Trade #3: I pulled the same trick and traded a Capashen Knight for a Traumatic Visions. Someone took a lottery ticket pull to see what he would open in Modern Masters, and I grabbed an expensive counter and a decent land searching trick. This deck needs mana fixing.

Trade #4: Arbor Elf and Briarpack Alpha for Sepulchral Primordial. I know I lost value here technically; the way I look at it, I traded a common and an uncommon for a rare house in multiplayer. I’m a happy clam. Plus, sometimes you have to make these trades in order to procure the right cards for your deck. There is no question that the Sepulchral Primordial is an amazing creature in Commander.

Trade #5: Howl of the Night Pack for Liliana’s Reaver. Sometimes I like to make fun trades that wind up making me money. Someone drafted two Howls at the M14 FNM draft. I gave him a third for the evening, and he shipped me his drafted Reaver, which he didn’t want. This is the second week in a row I was able to acquire a Reaver for my Commander deck. I must like it! It can keep people from attacking because they don’t want to leave themselves open for a Reaver attack and a discard (and a Zombie token). Plus, people often don’t attack into your dorky deathtouch guy. So it keeps you safe from two angles, not just one, and that’s good value for the guy.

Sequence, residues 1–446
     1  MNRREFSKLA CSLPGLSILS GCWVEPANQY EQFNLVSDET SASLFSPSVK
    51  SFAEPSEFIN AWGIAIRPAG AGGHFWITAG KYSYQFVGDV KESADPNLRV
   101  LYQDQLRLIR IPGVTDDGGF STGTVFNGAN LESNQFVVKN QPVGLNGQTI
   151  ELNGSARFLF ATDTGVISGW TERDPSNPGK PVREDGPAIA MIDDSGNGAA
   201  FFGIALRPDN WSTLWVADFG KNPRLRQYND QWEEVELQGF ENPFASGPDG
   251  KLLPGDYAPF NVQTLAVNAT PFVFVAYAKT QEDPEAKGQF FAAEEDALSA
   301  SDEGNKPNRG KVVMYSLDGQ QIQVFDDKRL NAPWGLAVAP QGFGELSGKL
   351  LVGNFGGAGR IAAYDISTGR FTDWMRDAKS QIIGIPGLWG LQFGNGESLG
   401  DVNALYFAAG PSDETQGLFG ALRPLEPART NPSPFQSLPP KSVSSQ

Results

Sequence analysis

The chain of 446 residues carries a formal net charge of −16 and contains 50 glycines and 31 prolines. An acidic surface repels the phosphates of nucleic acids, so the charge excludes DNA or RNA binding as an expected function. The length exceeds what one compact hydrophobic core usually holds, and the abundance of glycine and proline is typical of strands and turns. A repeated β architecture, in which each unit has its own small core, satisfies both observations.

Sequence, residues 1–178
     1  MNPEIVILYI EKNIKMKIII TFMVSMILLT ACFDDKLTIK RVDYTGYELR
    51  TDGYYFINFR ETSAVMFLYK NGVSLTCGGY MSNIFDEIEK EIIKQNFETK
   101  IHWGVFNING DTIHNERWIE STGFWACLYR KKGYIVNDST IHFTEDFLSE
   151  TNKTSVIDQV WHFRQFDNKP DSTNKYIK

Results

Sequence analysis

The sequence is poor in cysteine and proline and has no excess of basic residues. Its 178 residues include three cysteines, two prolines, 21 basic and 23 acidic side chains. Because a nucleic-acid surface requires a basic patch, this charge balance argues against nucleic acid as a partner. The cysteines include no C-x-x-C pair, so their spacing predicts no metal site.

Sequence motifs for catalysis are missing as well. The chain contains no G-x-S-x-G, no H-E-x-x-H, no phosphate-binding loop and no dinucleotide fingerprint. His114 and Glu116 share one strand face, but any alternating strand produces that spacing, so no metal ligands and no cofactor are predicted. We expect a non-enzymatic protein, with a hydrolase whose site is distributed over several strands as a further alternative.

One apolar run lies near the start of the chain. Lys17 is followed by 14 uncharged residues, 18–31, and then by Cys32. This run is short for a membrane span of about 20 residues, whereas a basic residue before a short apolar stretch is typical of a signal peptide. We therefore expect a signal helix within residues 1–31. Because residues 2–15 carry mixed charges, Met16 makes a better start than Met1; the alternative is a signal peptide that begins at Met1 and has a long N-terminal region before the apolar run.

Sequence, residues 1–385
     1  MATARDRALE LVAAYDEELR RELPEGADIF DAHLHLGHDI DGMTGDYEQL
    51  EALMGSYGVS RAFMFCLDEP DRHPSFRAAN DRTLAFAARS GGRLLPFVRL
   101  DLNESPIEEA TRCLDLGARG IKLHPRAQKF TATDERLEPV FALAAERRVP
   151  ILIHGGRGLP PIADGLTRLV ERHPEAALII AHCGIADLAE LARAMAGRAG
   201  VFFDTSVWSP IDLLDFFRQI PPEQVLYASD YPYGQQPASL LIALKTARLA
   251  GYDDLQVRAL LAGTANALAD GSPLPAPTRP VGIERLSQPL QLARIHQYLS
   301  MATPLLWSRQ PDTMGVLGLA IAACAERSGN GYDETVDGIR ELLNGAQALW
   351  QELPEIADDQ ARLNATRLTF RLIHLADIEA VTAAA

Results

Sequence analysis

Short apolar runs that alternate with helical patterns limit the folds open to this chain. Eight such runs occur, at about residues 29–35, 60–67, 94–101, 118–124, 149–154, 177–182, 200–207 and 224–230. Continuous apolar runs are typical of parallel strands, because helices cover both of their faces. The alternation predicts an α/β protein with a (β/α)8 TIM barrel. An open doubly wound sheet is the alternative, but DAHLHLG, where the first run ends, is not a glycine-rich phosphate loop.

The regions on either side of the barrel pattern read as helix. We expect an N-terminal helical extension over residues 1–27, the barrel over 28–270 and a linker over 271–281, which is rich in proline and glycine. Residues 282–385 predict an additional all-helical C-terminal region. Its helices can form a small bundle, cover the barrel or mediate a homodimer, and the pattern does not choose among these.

Trade #6: Alright, get ready; this one is huge. I traded much of my stuff for a lot of great cards. I moved:

Rubblehulk, foil Show of Valor, Call Of The Conclave, Vitu-Ghazi Guildmage, Sunhome Guildmage, Trostani’s Summoner, Urban Evolution, Selesnya Charm, Ethereal Armor, Hive Stirrings, Viashino Firstblade, Gatecreeper Vine, 2x Elvish Mystic, Druid’s Deliverance, Skyknight Legionnaire

This was someone just looking to help me out and gain some value.

Here is what I got from the trade:

Molten Primordial, Chaos Imps, Devil’s Play, Colossal Whale, Underworld Connections, Entomber Exarch, Turn // Burn, Far // Away, Victim of Night, Geth’s Verdict, Faithless Looting

Now, clearly my acquired list is smaller. (It’s also lower in value financially by a bit). And I traded a lot of my value away, like my Elvish Mystics and Evolution. But what I got was five strong rares for my Commander deck and some good uncommons and commons. Every card there is valuable.

I think Chaos Imps is underplayed. You have a 6/5 flyer, and when it dies, it becomes a 7/6 flyer with trampling. That’s not bad from where I am sitting. That’s flying beef and survivability. The Play is one of the best X spells printed. Underworld Connections is a powerful card-drawing engine that is hard to duplicate on the cheap like this. Add in a serviceable beefy Whale and the Molten Primordial of awesome and you have strong deck additions. Turn // Burn and Far // Away are both great split cards with the fuse adding strong value. The Verdict is a nice instant edict ability, the Looting is a decent way to filter stuff, and Victim of Night is a solid instant pinpoint removal spell.

This trade amped up my deck’s power considerably. It also ended my first week of trades.